“Falcon Heavy at the Cape,” Musk tweeted Monday, Dec. 20, along with three photos showing the rockets first and second stages from the rear along with all 27 first stage engines mounted as well as images from the top of the hangar amounting to side views.
The payload - Musk’s midnight cherry Tesla Roadster- encapsulated in the nose cone was not yet mounted on top in Mondays photos – see below and read our story:
A hold down static test fire of the first two stages will be conducted soon and is a pre-launch requirement to confirms the rockets safety and readiness.
The Falcon Heavy first stage will generate 5.1 million pounds of liftoff thrust - fueled by liquid oxygen and kerosene propellants - when it blasts off from pad 39A. Only NASA’s retired Saturn V moon rocket and Space Shuttle were more powerful American rockets soaring off the same pad.
“Falcon Heavy launching from same NASA pad as the Saturn V Apollo 11 moon rocket,”Musk tweeted. “It was 50% higher thrust with five F-1 engines at 7.5M lb-F. I love that rocket so much.”
“Max thrust at lift-off is 5.1 million pounds or 2300 metric tons. First mission will run at 92%,” Musk explained via tweet.
The Falcon Heavy features about 2/3 the liftoff thrust of NASA’s Saturn V moon rocket and twice the power of the United Launch Alliance Delta IV Heavy - which is currently the world’s most powerful rocket.
Of course, this launch comes associated with a high risk of failure that Musk forthrightly admits.“Will be in deep space for a billion years or so if it doesn’t blow up on ascent.”
“There’s a lot of risk associated with Falcon Heavy, a real good chance that that vehicle does not make it to orbit,” Musk said recently while speaking at the International Space Station Research and Development Conference in Washington, D.C. on July 19.
The gigantic Falcon Heavy stands more than 229.6 feet (70 meters) tall and is 39.9 feet wide (12.2 meters).
It weighs more than 3.1 million pounds (1.4 million kilograms).
Like the Falcon 9 it will be fueled with liquid oxygen and RP-1 kerosene propellants.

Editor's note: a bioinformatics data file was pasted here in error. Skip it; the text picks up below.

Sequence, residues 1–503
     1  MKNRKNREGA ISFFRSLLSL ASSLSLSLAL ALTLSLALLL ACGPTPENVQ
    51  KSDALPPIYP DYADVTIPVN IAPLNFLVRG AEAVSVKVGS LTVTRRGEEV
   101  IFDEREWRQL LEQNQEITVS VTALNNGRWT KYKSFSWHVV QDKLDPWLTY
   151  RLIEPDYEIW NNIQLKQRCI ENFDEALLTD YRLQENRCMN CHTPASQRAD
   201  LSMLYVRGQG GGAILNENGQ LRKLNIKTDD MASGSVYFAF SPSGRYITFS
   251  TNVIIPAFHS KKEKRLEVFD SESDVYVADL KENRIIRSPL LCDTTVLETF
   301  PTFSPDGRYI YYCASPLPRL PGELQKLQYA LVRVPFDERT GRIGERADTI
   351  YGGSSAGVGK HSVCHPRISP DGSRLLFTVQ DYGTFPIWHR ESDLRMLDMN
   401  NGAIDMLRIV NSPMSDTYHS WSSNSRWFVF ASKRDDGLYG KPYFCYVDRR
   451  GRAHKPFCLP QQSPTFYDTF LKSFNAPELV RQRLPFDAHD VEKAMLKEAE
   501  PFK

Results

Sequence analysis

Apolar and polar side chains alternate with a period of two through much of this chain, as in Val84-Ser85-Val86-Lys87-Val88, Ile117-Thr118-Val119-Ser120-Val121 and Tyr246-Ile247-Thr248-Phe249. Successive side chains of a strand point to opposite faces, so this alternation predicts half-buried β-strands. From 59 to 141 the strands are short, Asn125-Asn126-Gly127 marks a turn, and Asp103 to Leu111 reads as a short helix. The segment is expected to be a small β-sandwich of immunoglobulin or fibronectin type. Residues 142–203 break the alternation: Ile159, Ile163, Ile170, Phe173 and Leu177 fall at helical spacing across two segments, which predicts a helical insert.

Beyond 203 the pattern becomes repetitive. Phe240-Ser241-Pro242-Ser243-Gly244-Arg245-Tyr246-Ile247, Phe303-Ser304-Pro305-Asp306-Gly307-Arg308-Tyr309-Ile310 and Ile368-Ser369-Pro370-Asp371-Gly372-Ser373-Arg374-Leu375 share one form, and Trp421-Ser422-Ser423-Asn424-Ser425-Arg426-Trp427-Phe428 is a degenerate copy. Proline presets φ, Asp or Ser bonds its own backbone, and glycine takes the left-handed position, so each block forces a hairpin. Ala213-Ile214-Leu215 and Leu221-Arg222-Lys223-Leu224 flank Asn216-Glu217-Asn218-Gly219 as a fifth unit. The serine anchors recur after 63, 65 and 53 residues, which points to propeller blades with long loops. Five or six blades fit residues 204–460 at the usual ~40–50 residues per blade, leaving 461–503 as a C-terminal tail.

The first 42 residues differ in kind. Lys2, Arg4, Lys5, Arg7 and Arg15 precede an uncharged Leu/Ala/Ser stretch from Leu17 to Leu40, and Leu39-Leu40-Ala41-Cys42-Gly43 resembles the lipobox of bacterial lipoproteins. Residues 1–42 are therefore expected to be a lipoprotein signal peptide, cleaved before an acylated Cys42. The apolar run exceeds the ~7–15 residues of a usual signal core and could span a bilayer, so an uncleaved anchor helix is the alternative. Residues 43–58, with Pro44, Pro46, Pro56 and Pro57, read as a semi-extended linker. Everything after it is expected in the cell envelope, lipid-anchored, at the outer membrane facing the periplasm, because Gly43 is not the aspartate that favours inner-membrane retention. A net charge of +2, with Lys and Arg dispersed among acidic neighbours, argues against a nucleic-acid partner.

SpaceX is developing the triple barreled Falcon Heavy with its own funds.
The Heavy is derived from the single stick Falcon 9 rocket funded by NASA which serves as SpaceX’s workhorse rocket - used for NASA, military, government and commercial customers.
The triple stick Falcon Heavy is composed of a trio of Falcon 9 boosters including a significantly modified central core to deal with aerodynamic stresses attached to a pair of side-mounted cores with newly developed nose cones mounted in place of payload fairings.
SpaceX will also attempt to recover all three cores post launch. The center one lands ona dronship at sea and the side boosters via soft landings back at the Cape.
Watch this SpaceX Falcon Heavy Instagram video animation to learn how the launch andlanding sequences take place
SpaceX engineers have soft landed and successfully recovered 20 Falcon 9 cores to date.
5 of those recovered cores have been successfully reflown – including the latest one Friday night Dec. 22 for the Iridium-4 commercial communications satellite launch from Vandenberg Air Force Base, CA.
Musk’s vision is to recover and refly rockets as easily as commercial airliners in order todrastically slash the high cost of launching rockets and eventually establish a ‘City on Mars.’
SpaceX launched a record breaking 18 missions altogether in 2017.
Stay tuned here for Ken's continuing Earth and Planetary science and human spaceflight news.